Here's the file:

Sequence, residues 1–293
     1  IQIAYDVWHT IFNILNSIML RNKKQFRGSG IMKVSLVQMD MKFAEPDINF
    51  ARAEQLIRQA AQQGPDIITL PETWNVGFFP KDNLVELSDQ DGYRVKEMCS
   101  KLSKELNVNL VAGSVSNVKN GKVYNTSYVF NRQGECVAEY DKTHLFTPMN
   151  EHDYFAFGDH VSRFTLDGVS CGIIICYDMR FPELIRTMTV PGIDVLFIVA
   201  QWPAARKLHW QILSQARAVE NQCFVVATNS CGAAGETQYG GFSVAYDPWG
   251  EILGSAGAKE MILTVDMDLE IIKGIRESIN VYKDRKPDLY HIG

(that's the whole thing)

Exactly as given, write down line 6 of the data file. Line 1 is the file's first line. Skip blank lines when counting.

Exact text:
   201  QWPAARKLHW QILSQARAVE NQCFVVATNS CGAAGETQYG GFSVAYDPWG